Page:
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The Smearing Of Matt Drudge

[ 0 ] April 4, 2007 |

Appalling.

At times like this, it always seems worth returning to the Mighty Reason Man’s summary of Instapundit:

HERE’S AN INTERESTING POST by a guy named Steve from Des Moines. He highlights the direct connection between the modern Democratic Party and the National Socialist German Workers Party. Some incriminating stuff here. Of course, you wouldn’t know this if you only watched CNN…

posted at 05:43 PM by Glenn Reynolds

THE NEW YORK TIMES IS FULL OF SHIT because they quote unreliable sources and make things up.

posted at 05:17 PM by Glenn Reynolds

Of course, he had no way of knowing at the time that a prominent conservative pundit would get a contract to write a book about the first subject, but it’s just hard for satire to stay ahead of Republicans these days.

2007 Season Preview: AL

[ 0 ] April 4, 2007 |

Allright, time for some picks (teams listed in order of finish, * wildcard):

AL East: NYY, BOS, TOR, BAL, TB I hate to tell you this, but I think the Yankees are the clearest-cut pre-season favorites they’ve been in a while. Their offense, if healthy, will be one of the better ones in major league history, while the Red Sox have let theirs thin out a bit. The bullpen is anchored by the greatest ever to hold his position by a considerable margin, and backed up well too. The biggest caveat is that they have an old and/or injury-prone finesse rotation, but I think they’ll win more than 100. I didn’t criticize the move at the time, but in retrospect not signing Damon was a big mistake for the Sox. Not only did he let a good player at a scarce position go to divisional rivals, but the Red Sox have never one without quality defense in center. And while Crisp is capable of having a Damon-like year with the bat, he’s not a major league CF, and of course Manny is a butcher. Drew will help a little, at least for the 70 games he’s healthy, but I think a lot of what looks like disappointing pitching last year was a result of the bad defense they were throwing out there. Their rotation is better than the Yankees but the defense will mitigate some of the edge, and they’ll score fewer runs and blow more leads. The Blue Jays don’t have the offensive depth to compete with the big two, and they can’t afford injuries to their injury-prone starters; I’d like to pick them but I think they’ll regress a bit. The Orioles could be competitive; I like a lot of their arms and the bullpen, but the offense isn’t going to permit competitiveness in this division. In the short term, the Rays are if anything going backward; they have some interesting young players but no proven middle-of-the-order hitters in a division with three formidable cores, and their have one good starter and no good relievers. They could be back to losing 100+.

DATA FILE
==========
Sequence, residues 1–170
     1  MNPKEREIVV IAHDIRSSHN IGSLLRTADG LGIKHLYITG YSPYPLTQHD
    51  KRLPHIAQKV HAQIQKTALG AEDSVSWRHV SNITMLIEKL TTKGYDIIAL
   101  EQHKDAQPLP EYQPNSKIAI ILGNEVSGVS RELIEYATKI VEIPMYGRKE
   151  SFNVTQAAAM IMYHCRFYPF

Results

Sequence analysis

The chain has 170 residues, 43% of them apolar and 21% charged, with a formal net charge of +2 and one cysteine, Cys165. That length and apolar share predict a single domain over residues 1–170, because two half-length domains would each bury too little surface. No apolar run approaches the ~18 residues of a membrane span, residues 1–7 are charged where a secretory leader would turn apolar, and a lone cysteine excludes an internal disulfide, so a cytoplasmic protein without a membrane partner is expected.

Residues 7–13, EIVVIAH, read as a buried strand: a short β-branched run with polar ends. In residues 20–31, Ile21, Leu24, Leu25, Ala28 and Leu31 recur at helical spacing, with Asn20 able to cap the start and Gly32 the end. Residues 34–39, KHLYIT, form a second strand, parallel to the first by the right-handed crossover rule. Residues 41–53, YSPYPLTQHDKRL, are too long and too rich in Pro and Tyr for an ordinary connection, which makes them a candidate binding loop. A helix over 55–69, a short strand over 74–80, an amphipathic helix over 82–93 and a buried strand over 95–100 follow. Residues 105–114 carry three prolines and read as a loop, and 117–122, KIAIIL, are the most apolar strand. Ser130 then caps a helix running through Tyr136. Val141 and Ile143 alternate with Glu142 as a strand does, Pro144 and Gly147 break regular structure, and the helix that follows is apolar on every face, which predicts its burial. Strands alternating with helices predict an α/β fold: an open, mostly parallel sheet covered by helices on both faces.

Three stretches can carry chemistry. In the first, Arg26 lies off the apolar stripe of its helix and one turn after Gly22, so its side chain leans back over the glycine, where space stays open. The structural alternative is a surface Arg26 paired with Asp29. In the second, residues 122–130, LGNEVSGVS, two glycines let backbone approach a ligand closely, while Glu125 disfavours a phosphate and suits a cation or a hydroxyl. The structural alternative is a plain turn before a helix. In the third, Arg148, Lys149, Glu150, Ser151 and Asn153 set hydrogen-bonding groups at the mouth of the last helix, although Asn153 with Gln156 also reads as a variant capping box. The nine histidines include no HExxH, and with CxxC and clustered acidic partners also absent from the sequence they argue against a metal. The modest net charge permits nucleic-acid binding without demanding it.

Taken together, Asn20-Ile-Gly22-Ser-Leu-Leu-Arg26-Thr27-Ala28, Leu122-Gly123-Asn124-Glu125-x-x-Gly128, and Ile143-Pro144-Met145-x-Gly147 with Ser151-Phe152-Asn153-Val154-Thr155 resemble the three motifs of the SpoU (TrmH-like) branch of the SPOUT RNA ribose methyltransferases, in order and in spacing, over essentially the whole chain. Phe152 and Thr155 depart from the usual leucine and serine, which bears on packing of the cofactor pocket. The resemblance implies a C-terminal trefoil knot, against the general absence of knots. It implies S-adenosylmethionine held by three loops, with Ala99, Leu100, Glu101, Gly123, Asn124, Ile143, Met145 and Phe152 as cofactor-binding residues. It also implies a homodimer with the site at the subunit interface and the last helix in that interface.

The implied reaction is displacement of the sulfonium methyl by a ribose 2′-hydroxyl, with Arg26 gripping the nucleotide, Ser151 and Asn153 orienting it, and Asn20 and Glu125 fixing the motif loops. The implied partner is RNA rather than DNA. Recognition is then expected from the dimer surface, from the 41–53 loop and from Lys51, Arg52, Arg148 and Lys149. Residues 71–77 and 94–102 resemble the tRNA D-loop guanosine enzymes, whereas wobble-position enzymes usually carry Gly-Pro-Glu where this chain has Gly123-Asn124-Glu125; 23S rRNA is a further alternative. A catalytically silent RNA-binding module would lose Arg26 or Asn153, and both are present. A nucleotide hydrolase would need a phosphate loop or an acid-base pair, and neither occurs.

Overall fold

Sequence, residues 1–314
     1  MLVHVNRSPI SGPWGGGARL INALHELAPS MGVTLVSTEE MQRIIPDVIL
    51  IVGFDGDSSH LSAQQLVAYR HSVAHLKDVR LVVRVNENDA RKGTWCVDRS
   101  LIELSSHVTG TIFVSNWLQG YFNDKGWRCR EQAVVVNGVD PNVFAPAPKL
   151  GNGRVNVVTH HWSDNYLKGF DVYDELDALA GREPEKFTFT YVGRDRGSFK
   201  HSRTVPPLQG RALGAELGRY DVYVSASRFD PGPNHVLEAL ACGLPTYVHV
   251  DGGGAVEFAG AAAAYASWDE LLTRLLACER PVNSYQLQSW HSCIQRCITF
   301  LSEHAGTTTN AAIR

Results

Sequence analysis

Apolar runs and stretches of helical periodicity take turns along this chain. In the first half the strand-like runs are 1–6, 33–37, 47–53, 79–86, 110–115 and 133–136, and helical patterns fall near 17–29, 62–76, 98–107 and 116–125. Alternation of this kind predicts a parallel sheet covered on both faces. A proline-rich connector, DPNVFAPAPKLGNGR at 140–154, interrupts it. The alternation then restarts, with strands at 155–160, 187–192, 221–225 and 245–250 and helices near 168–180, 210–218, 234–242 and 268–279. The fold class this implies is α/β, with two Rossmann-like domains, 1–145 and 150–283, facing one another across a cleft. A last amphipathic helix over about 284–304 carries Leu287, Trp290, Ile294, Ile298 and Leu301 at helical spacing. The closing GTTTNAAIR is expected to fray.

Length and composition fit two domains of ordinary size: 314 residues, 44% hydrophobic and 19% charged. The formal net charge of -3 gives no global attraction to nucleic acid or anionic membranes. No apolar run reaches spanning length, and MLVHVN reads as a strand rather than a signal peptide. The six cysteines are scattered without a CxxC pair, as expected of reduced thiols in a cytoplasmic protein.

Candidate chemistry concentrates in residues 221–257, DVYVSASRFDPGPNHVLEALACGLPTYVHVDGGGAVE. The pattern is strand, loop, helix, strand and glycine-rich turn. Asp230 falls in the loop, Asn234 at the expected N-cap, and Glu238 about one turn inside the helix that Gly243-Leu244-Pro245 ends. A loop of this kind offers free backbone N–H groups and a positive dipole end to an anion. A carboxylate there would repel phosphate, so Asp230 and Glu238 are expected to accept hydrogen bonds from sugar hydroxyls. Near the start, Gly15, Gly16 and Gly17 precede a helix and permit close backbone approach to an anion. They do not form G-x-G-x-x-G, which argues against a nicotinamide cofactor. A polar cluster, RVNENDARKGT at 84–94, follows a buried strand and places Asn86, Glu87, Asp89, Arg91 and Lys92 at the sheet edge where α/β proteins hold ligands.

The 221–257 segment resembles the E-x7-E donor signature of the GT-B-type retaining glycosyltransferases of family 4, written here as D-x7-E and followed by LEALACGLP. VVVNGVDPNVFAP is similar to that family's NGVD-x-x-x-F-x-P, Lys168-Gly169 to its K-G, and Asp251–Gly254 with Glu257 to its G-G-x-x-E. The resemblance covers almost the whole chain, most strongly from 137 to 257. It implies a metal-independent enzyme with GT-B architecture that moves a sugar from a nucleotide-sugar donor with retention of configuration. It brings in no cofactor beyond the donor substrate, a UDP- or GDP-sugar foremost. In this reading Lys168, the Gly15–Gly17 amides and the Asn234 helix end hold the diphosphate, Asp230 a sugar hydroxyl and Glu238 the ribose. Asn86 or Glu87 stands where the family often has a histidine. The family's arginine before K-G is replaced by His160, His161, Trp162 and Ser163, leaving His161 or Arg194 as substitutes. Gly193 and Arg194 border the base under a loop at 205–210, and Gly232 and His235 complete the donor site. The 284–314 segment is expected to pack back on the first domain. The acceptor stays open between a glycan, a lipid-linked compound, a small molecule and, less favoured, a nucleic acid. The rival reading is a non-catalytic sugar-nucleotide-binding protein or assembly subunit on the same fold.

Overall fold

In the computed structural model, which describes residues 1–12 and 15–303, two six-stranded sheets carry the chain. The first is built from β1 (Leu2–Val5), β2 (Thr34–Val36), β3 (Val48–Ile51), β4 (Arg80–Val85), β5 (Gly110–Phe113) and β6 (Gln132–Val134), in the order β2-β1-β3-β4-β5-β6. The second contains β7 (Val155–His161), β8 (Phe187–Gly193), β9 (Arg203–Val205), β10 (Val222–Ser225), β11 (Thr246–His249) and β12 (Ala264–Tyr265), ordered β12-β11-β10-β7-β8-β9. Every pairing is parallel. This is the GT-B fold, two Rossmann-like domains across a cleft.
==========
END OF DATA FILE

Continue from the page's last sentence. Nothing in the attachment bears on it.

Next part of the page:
AL Central: CLE DET (*) MIN CHI KC I wasn’t on the Cleveland bandwagon last year, and one still has to have some concerns, especially about the bullpen. Still, their offense is terrific and the rotation at least OK, and they were as good as any team in baseball two years ago; this year I think they’ll get lucky. The Tigers are a real team, and adding Sheffield will help, but the young, high-workload pitchers scare me a little. The Twins could win, but there offense is full of holes and the pitching behind Santana dubious (although their bullpen is could allow them to beat Cleveland.) I don’t like the direction of the White Sox at all; their rotation, in particular, is a lot worse than the world championship team, and the offense is second-tier. The Royals will be more interesting than the previous two years because of Gordon, but that doesn’t mean they’ll be competitive (although I think they will be better than Tampa.)